August is the month when birds start to do strange things. May features the influx of migrants. June is dedicated to baby-making. July is all about baby-raising. For the first half of summer, birds arrive at their breeding sites, and stay there. But August brings post-baby weirdness. It’s time for birds, young and old, to spread their wings and fly – both literally and figuratively. They wander.
You can watch it happening right now in Bangor’s Essex Woods. It’s the wetland next to I-95, below the sledding hill. It can be reached via Watchmaker Street from Essex Street, or via Garden Way, just off Drew Lane, near the Bangor Mall. Every August, great egrets move in. In some years, snowy egrets move in, too. The egrets will grab your attention, because they are large, white and not present through the first half of summer.
The egrets don’t nest in Essex Woods, nor anywhere near Bangor. They breed in southern Maine, notably in Scarborough Marsh near Portland, Weskeag Marsh in South Thomaston and a few other coastal marshlands. After nesting, they engage in what ornithologists call “post-breeding dispersal.” Rather than simply heading south for the winter, they spread out in all directions, with some flying north. Besides Essex Woods, they’ve been popping up at various other locations in eastern Maine. Alert readers have been sending me photos from throughout the Bangor region, asking “What is this bird doing here?”
There are many likely reasons for post-breeding dispersal. One obvious possibility is that they’ve eaten much of the available food where they nested. After feeding themselves and hungry kids in that one spot for several months, they may have simply exhausted the all-you-can-eat buffet. Once the kids are sufficiently grown, egrets can wander out to other marshes that might be inadequate for nesting, but terrific for feeding. They may even discover new marshes to colonize in the future.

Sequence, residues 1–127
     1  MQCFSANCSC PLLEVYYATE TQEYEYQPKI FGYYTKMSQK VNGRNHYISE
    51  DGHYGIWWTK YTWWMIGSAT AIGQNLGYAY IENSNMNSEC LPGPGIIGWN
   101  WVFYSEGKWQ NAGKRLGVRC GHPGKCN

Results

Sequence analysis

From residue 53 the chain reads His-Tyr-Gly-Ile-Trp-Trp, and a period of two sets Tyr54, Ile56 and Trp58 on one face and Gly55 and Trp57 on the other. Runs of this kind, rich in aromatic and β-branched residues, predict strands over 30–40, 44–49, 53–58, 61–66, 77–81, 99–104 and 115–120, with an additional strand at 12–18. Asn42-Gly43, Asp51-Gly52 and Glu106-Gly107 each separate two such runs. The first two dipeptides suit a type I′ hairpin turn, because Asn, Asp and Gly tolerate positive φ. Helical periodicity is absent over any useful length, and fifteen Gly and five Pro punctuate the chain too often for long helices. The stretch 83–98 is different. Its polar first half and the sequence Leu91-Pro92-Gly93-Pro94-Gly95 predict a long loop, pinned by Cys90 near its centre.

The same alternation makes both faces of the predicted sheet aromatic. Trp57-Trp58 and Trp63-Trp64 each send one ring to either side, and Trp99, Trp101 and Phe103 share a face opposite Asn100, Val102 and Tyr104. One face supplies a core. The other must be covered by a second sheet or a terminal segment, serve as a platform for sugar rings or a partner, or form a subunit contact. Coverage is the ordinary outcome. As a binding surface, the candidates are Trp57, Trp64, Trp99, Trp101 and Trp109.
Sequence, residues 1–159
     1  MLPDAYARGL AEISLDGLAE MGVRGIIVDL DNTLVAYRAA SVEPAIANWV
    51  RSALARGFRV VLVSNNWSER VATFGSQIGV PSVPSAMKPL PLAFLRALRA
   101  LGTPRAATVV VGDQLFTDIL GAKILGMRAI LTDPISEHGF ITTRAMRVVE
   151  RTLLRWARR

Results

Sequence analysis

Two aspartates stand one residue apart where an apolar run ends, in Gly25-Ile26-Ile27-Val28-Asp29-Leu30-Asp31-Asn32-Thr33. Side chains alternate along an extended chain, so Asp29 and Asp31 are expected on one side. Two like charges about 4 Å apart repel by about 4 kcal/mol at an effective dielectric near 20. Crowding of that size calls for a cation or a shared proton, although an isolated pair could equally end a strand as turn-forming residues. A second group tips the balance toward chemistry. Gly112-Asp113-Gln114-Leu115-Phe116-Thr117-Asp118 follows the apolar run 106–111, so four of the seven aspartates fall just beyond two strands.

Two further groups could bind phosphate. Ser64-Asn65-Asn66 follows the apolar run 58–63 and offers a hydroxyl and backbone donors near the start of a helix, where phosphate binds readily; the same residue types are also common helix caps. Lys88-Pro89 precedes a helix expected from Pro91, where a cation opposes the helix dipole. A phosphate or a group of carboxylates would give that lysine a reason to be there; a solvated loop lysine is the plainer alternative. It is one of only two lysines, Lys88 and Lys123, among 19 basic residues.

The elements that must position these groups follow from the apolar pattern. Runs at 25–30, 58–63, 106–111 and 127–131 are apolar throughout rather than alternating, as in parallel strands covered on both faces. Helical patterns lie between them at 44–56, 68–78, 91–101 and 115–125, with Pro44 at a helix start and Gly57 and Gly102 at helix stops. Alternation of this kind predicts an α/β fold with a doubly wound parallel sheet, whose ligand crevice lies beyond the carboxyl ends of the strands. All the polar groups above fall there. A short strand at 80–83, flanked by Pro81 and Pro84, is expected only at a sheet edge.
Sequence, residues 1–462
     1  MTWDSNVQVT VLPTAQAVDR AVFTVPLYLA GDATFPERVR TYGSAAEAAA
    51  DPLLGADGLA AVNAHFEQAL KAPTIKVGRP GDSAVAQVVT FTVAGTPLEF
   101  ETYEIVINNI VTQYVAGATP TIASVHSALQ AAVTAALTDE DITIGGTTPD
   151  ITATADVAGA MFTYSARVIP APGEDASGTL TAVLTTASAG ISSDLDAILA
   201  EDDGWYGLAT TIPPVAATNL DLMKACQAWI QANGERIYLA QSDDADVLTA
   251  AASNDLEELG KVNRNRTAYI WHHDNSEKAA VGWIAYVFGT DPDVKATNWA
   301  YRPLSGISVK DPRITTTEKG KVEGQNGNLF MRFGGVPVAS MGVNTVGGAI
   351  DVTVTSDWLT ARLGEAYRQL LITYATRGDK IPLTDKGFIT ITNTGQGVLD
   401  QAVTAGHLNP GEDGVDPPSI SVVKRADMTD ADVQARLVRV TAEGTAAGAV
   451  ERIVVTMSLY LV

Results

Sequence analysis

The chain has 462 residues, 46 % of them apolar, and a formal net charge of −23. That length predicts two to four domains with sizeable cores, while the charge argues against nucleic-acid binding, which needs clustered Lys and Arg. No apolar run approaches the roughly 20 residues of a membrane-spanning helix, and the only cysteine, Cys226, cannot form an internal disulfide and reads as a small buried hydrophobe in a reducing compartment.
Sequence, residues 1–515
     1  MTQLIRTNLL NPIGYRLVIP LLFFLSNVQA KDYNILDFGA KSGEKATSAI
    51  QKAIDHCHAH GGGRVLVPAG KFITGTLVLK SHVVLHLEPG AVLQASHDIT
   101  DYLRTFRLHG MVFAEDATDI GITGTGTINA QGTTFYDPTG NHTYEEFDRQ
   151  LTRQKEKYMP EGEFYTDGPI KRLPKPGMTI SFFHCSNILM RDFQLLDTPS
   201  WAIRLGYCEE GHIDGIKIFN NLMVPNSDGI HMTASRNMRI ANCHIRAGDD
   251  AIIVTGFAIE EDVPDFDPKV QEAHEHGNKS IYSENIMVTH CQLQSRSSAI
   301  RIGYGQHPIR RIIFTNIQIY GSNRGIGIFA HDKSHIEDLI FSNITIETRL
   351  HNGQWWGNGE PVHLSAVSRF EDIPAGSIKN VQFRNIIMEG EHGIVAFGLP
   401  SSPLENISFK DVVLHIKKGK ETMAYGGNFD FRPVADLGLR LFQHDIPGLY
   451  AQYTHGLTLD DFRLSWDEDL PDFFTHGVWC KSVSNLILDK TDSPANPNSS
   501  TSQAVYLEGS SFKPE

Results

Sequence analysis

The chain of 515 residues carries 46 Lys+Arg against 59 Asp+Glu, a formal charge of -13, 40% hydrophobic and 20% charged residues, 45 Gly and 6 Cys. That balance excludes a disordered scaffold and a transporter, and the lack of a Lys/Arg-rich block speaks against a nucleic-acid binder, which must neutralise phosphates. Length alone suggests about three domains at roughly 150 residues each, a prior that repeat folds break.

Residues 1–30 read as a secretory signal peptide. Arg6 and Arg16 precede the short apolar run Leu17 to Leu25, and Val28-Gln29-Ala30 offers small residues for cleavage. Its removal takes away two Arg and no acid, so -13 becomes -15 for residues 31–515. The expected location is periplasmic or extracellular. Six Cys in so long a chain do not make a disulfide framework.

Dispersal ensures that parents aren’t competing with their own kids for food. Remember that the breeding season begins with just the two parents occupying a territory. But by August, there may be two adult egrets and up to six youngsters trying to feed within the same territory, competing against all the other families doing the same.
Post-breeding dispersal has been studied in other animals as well. Typically, it’s the young that move on, obligated to search for their own territories once they’re old enough to breed. Beavers do this. One study documented dispersal behavior among red squirrels, and found evidence that mother squirrels dispersed so as not to compete with their own kids.
Most shorebirds nest in Canada’s arctic tundra. Southbound migration begins immediately after the chicks hatch. Among many shorebird species, one parent, then the other, leaves before the young have even learned to fly. This is more evidence that some species avoid competing with their own offspring for food. We mostly see migrating adults around Bangor at present, with more immature birds closer to Labor Day. Greater and lesser yellowlegs are early southbound migrants, and they’re turning up now. Solitary sandpipers are often seen in Essex Woods this time of year; adults first, younger birds later.
Along the coastal mudflats, we’re entering peak season for least and semipalmated sandpipers. Semipalmated plover numbers are likewise peaking. These shorebird species also migrate, with adult birds leading the way, followed by their offspring later in summer.
Other birds that nest in Canada are arriving offshore. Red-necked grebes are typically among the first migrants. Grebes are aquatic diving birds that typically nest on freshwater, and winter on saltwater. Although red-necked grebes breed exclusively in western Canada, many head east instead of south, arriving on the Maine coast right about now. The smaller horned grebes arrive a few weeks later.
However, one wayward grebe is further proof that weird things can happen this time of year. A Clark’s grebe has turned up on Togus Pond near Augusta. Clark’s grebes are larger than red-necked grebes – nearly the size of a skinny loon. They nest on freshwater lakes and marshes throughout the west, but rarely get east of the Mississippi River. One turned up in Owl’s Head in March 2005. Now this one. These are the only Clark’s grebes ever reported anywhere in New England.
So, birds are moving around. A lot. Eventually most will fly south, but not before possibly wandering north or east. Some are fleeing the tundra. Some are fleeing their kids. Some are just settling in for the winter. Anything can happen, and it probably will.
Bob Duchesne serves as vice president of Maine Audubon’s Penobscot Valley Chapter. He developed the Maine Birding Trail, with information at mainebirdingtrail.com. He can be reached at firstname.lastname@example.org.